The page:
Finding the Right Balance with Company Stock

Including company  stock among  the investments  in your 401(k) plan can be powerful.  It gives employees  a voice in the firm’s direction, pride of ownership, and a direct correlation  between their job and company performance. At the same time, employees  should understand how to use company  stock wisely as a 401(k) plan investment.

A few widely publicized corporate bankruptcies in the early 2000s  taught lessons about  over-investing in company  stock. Federal law limits the amount of employer stock in defined  benefit  plans to 10%,  but has no corresponding limit for 401(k) plans. In spite of past lessons, some plans hold a significant percentage of assets in their own company’s stock. According to the Brookings Institute, Sherwin Williams has 62%  of their 401(k) plan assets in employer stock, with Colgate  Palmolive close behind  at 56%.  Companies  with substantial  employer stock holdings in their retirement plans may be risking participants’  retirements if the business takes a downturn, as has occurred  for General Electric. They were recently removed  from the Dow Jones Industrial Average as business results slipped.

If you haven’t done so lately, it could be advisable to examine the percentage of assets invested in company stock in your own plan. And make it the subject of employee investment  education. By doing so, you can help employees make informed  decisions about company stock investments, and at the same time, maintain  the benefits of employee ownership.

Read this op-ed  from the Brookings Institute for more information: https://tinyurl.com/employer-stock-caution.

Plan Sponsor’s Quarterly Calendar

JANUARY

  • Send payroll and employee census data to the plan’s recordkeeper for plan-year-end compliance testing (calendar-year plans).
  • Audit fourth quarter  payroll and plan deposit dates  to ensure compliance with the Department of Labor’s rules regarding timely deposit of participant  contributions and loan repayments.
  • Verify that employees who became  eligible for the plan between October  1 and December 31 received and returned an enrollment  form. Follow up for forms that  were not returned.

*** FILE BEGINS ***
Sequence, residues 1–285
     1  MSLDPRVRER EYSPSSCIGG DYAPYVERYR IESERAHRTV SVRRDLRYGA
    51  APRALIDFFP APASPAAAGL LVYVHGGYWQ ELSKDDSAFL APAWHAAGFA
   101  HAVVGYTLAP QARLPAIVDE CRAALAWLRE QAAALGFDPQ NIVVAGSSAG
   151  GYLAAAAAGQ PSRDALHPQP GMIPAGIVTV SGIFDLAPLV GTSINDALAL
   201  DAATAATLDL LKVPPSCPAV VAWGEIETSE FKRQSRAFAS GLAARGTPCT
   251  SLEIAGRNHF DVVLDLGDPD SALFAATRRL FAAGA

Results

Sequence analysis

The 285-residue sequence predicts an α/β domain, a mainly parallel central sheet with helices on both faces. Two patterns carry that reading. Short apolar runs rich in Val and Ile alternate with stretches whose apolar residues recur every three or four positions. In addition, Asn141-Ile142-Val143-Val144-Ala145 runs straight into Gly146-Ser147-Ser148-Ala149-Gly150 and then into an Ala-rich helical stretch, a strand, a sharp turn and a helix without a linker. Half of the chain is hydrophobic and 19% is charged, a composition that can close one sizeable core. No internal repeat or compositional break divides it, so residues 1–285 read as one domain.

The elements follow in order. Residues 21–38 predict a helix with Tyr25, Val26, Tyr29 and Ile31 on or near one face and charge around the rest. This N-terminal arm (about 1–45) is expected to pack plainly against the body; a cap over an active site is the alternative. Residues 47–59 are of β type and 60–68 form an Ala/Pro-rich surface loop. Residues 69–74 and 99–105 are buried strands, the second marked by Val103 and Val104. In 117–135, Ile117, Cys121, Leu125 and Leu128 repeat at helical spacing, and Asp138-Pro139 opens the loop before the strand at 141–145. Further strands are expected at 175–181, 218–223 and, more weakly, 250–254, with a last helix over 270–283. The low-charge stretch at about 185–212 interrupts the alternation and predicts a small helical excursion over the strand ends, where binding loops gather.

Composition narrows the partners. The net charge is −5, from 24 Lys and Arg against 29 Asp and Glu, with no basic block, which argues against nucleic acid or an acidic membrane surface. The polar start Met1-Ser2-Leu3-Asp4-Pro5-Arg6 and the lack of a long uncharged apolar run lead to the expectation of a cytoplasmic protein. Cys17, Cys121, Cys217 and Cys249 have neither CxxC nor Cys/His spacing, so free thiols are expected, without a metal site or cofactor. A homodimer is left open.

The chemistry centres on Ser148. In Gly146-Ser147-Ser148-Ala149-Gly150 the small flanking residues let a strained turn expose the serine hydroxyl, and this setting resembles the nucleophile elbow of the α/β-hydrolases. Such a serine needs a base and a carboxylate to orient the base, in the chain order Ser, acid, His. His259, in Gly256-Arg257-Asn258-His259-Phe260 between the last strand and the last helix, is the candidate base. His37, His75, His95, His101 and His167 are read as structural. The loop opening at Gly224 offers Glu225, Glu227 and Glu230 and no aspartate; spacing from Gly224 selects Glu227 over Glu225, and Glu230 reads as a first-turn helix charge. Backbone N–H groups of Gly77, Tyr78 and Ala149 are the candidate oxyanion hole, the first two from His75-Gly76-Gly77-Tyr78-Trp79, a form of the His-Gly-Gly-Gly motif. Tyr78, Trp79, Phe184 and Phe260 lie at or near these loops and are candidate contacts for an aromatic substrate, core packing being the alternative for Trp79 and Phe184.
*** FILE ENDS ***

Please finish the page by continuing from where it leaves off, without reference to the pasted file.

FEBRUARY

  • Update the plan’s ERISA fidelity bond coverage to reflect the plan’s assets as of December 31 (calendar-year  plans). Remember  that  if the plan holds employer stock, bond coverage is higher than  for non-stock plans.
  • Issue a reminder memo or email to all employees to encourage them to review and update, if necessary, their beneficiary designations  for all benefit  plans by which they are covered.
  • Review and revise the roster of all plan fiduciaries and confirm each individual’s responsibilities and duties to the plan in writing. Ensure than each fiduciary understands his or her obligations  to the plan.

MARCH

  • Begin planning for the timely completion and submission of the plan’s Form 5500  and, if required,  a plan audit (calendar-year plans). Consider, if appropriate, the Department of Labor’s small plan audit waiver requirements.
  • Review all outstanding participant plan loans to determine if there  are any delinquent payments.  Also, confirm that  each loan’s repayment period and the amount borrowed comply with legal limits.
  • Check bulletin boards and display racks to make sure that posters and other plan materials are conspicuously posted  and readily available to employees, and that information is complete and current.

Consult your plan’s financial, legal or tax advisor regarding these and other items that may apply to your plan.

Kmotion, Inc., 412 Beavercreek Road, Suite 611, Oregon City, OR 97045; 877-306-5055; www.kmotion.com

© 2018 Kmotion, Inc. This newsletter is a publication of Kmotion, Inc., whose role is solely that of publisher. The articles and opinions in this publication are for general information only and are not intended to provide tax or legal advice or recommendations for any particular situation or type of retirement plan. Nothing in this publication should be construed as legal or tax guidance, nor as the sole authority on any regulation, law, or ruling as it applies to a specific plan or situation. Plan sponsors should always consult the plan’s legal counsel or tax advisor for advice regarding plan-specific issues.